There I was flexing my defensive muscles, waiting for the tsunami of hatred to come my way once my new book hit the shelves, when I discovered that not only did I have some great reviews for Straight Expectations (which rails against the complacency and conservatism of today’s gay rights movement), but the book has an American sister. Perhaps the timid capitulation to straight folk is about to turn, both here and in the US, the birthplace - and now perhaps the graveyard - of the gay liberation movement?
The Tolerance Trap, by US academic and political activist Suzanna Walters, has ‘disappointment’ running right the way through it. But Walters does not complain, rather she offers a way forward. Delivering her gripes without whinging negativity, Walters writes tight prose with sharp humour and observation. This much needed book looks at the common-held views of the gay rights lobby and tips them upside down, clearing out every last crumb of every last old chestnut.
There may have been significant legal victories, argues Walters, but there is still a huge amount of bigotry and much left to do. A number of US states do not recognise equal marriage; gays in the military are still stigmatised to a degree; violence and abuse towards LGBT individuals is still a significant problem; and sports stars coming out is met by media coverage that borders on the frenzied.
'Breathless tales of the triumph of tolerance and self-satisfied encomiums on our post-gay new world dominate our national discourse,' writes Walters, 'with dissenting voices to be found only on the wary queer left and the furious Christian right.'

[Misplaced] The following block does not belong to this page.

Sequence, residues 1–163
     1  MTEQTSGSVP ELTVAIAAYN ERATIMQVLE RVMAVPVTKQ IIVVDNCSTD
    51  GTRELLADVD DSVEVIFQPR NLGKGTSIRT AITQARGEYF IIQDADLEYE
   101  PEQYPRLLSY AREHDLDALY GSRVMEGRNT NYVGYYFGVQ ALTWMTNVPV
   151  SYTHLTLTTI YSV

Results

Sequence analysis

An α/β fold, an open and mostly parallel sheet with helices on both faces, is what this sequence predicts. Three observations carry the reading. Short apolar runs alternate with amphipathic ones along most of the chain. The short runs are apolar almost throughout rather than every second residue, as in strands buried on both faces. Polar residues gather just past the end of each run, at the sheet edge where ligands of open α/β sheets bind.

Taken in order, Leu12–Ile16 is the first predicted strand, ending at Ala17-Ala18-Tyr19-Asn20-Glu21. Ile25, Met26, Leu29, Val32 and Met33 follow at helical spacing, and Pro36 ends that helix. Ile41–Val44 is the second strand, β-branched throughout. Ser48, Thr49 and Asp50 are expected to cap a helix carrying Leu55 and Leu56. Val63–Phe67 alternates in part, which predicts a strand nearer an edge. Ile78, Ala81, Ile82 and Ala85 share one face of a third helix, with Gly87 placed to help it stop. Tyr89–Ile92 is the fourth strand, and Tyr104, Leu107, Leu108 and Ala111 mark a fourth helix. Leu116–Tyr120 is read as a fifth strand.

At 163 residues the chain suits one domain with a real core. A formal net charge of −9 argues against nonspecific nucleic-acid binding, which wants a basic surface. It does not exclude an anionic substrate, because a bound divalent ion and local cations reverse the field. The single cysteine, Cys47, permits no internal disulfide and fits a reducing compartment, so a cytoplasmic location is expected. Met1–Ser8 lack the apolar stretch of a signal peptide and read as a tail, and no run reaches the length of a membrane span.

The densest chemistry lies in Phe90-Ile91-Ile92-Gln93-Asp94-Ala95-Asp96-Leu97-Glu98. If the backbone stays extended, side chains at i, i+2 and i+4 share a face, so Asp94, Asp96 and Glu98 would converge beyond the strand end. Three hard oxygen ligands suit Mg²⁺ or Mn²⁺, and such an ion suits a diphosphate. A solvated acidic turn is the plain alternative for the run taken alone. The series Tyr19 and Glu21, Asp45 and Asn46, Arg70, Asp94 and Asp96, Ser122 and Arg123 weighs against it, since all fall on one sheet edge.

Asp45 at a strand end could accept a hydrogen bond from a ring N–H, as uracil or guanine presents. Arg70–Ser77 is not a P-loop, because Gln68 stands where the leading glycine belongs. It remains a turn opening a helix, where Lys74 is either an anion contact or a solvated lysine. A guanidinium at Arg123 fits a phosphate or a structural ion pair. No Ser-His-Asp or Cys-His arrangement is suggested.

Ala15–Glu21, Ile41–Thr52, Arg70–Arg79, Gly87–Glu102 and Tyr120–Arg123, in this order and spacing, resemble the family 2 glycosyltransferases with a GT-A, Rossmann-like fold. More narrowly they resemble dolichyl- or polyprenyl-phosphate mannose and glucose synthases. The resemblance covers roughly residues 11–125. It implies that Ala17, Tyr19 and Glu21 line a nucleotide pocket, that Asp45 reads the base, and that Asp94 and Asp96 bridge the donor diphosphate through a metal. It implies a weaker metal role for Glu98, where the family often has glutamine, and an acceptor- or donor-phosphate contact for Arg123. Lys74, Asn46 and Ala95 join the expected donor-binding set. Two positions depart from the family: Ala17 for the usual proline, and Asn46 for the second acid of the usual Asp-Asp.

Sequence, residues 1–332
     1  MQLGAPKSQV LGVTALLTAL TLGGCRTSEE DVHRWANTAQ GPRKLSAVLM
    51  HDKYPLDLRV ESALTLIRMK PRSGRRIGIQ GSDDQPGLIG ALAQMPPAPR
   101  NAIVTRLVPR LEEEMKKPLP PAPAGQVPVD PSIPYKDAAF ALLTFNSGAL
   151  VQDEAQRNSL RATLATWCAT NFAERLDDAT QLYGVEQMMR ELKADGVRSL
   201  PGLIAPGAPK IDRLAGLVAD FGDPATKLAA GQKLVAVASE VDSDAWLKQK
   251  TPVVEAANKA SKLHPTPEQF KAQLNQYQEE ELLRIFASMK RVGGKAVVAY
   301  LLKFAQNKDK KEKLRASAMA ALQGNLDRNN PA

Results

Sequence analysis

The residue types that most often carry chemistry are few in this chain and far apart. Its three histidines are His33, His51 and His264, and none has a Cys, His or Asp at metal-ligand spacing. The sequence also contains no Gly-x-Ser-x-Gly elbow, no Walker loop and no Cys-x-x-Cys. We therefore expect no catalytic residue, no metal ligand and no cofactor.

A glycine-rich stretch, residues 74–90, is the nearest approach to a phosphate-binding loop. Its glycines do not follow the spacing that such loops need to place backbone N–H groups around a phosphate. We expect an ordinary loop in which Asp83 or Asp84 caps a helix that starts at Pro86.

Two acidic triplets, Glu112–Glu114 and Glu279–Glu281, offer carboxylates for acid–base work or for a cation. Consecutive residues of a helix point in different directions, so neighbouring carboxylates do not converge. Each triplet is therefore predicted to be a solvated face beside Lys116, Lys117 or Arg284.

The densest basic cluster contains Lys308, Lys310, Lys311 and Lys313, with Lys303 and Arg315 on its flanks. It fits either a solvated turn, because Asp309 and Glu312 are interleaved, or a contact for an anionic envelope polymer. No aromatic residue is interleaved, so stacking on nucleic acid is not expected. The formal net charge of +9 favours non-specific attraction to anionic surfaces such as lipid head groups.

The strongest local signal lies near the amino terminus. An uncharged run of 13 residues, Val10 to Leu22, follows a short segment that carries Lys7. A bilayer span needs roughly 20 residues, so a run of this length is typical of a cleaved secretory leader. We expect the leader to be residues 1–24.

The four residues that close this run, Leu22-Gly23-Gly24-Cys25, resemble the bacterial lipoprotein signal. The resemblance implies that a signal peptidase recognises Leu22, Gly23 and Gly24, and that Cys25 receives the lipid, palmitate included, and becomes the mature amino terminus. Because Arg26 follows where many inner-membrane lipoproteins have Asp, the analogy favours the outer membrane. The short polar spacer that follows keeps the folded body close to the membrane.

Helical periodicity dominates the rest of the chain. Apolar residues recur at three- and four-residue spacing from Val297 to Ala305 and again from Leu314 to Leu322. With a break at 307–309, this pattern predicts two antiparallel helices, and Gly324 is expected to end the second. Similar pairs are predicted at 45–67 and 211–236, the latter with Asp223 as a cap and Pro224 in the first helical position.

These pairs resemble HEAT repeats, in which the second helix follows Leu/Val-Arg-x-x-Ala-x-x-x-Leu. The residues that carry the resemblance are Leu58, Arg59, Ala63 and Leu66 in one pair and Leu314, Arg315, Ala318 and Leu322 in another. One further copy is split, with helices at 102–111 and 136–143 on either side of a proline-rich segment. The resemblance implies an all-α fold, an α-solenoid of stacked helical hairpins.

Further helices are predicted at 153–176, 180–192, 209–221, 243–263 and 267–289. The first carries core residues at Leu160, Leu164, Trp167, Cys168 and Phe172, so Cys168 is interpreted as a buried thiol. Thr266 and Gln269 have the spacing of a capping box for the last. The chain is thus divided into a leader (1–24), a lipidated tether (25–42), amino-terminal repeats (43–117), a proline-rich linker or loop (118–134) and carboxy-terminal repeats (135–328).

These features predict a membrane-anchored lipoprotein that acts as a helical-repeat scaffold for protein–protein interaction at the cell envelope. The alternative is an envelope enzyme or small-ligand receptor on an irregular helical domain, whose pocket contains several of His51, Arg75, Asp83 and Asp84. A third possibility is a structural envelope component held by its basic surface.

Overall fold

According to Walters, Hollywood and TV gays are the privileged few; marriage does not benefit those of us that live on the margins. The world is still full of folk who hate and wish us harm, and yet we are fed the line that all is now well because in some countries the legislators have decided we should be allowed to marry and adopt children.
Part 11 of the book, 'Do These Genes Make Me Look Gay?', tackles my biggest bugbear of the contemporary gay rights movement, and one that I deal with in depth in my book.
'If marriage is conjured as the Oz of queer liberation,' she writes, 'then biological and genetic arguments are the yellow brick road, often providing the routes and the rationale for civil rights.' But the ‘we were born this way, so give us our rights and leave us alone’ argument does not work, argues Walters, in fact this approach can, and does, backfire.
Just because those heterosexuals that believe in an innate cause of same-sex attraction are more likely to be tolerant of gays than those that argue it is a ‘lifestyle choice’ does not mean, argues Walters, that it is either a correct or even strategic argument to use in order to tackle bigotry.
'Tolerance as a theme of contemporary gay rights is dependent on biological arguments much as plants need sunshine to flourish.'
Tolerance is a bad word to Walters, because it allows religious 'objections' to queer lives to remain in place. I certainly do not wish to be ‘tolerated’. We tolerate back pain, bad wine and crap TV, or, as Walters puts it, 'Tolerance pushes for marriage equality and simultaneously assures anxious allies that it won’t change their marriages or their lives.'
Tolerance is the last, not the first thing, we need. This book is a call to arms. Read it, whoever you are. It can be applied to any social movement. 'Not only can tolerance be invoked and then undermined by intolerant actions; it hides behind a veneer of civility to perpetuate inequality.'
As I say in my book, we have gone from ‘shame’ to ‘same’; from ‘the picket line to the picket fence’, and yet there are currently more than 2.7 billion people that live in countries where being gay is a crime. How we achieve true equality matters. That we are currently getting it wrong is the theme running through The Tolerance Trap. If we go for toleration, we will be prevented from truly integrating. If we integrate, we can’t liberate. The rainbow is not enough. Walters is so, so right.
Julie Bindel is the author of Straight Expectations: What Does It Mean To Be Gay Today? (Guardian Books)